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Home arrow Marketing arrow Value-ology: Aligning sales and marketing to shape and deliver profitable customer value propositions
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Customer and Individual Level Research

Moving to the top two levels of the value proposition stack, it’s important that the research has a level of granularity that helps you truly understand whole customer and individual issues. Only by knowing this will you be able to develop truly resonant and relevant CVPs.

At customer level, we need to answer the plea of the financial services C-level executive we met in Chap. 2: ‘Don’t treat me like any other financial services company, recognize that I have unique issues and challenges.’

The investor relations sections of company websites can provide a rich source of performance data and analysis about individual companies. You will find annual reports and presentations to shareholders here. Some questions to answer when looking at annual reports include:

  • • What were their major achievements last year?
  • • What were the biggest issues/challenges they face?
  • • What are the top initiatives they are focused on this year? (Growth, expansion, client acquisition, building a stronger culture, etc.)
  • • How do they plan to achieve their goals?

Some of the sources we identified earlier will also provide commentary of individual company performance. The Financial Times, The Economist and Wall Street Journal provide insight into issues and performance for, say, HSBC. Websites such as Investors Chronicle (www.investorschronicle.co.uk) will give you trend and share performance along with commentary on issues affecting the company and its performance. If you set up regular feeds from reputable sources it’s amazing what opportunities you can develop.

Here you need to get to a point where you can build value propositions that really resonate; for example, ‘XYZ Paints and Coatings company is looking to increase the speed of bringing innovations to market in order to grow revenue and keep its leading industry position.’ This is the agility issue for XYZ paints.

The difference at these two levels to what may have gone before is that your research is geared to producing MUSICAL value propositions that help you develop and close sales. In order to do this you will need to understand:

  • • M—how you can arrive at a monetary value of the benefits your solution can deliver
  • • U—what’s unique about your offer that can deliver these benefits better than competitors
  • • S—how much the customer is prepared to pay
  • • I—how it will positively impact the customer
  • • C—what capability you have that helps make this impact: this may not just be a product, it could well be a set of skills that you have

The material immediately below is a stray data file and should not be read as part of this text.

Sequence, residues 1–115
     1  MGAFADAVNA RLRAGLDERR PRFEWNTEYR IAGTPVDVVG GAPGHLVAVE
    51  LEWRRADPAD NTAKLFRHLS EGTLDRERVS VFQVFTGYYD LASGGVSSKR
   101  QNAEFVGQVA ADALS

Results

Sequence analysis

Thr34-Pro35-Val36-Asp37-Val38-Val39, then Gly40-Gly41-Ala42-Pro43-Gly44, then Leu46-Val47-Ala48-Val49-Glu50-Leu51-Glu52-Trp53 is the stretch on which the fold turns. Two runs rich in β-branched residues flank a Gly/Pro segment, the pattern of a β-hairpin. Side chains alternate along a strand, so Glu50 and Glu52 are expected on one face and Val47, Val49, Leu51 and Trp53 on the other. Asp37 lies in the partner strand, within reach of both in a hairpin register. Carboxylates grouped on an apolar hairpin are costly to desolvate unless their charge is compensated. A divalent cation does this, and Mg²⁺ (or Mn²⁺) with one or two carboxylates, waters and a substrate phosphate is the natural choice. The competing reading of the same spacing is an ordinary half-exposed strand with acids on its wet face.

• • AL—what the key customer needs are so that you can develop something that delivers value against these needs

At this stage the skew of sales to marketing input swings heavily. Lots of the calorie burning will have to be done by sales to translate the theme and sector level value propositions into something meaningful not just at a customer level but for the 5.4 (CEB Research) individuals who are typically involved in purchasing. Marketing can usefully help run workshops, as we have, encouraging sales to bring in selections of press clippings about their customers to think about the potential opportunities that can be developed. In one session we ran for a client, the salesperson was able to find out about a security hit on a customer website which occurred on that day. The ‘double whammy’ for him was that the problem could be resolved by his own company in the shape of a website security offer.

Here the research takes a further shift, and becomes even more about people than it is at sector level. Who are the key people in the account? Do we have a relationship with them? Do any of our senior executives know any of their key players? What issues are they facing? What motivates them, in or out of work.

It is highly likely that sales guys have received training from reputable organisations to help perform this kind of analysis. Understanding who’s involved in making decisions, the decision-making process and key influencers in the account are things they know they need to know in order to be successful. At this level marketing needs to help sales successfully tailor value propositions, offers and messages to resonate with the customers. They need to be humble enough to accept that sales is the key player here.

 
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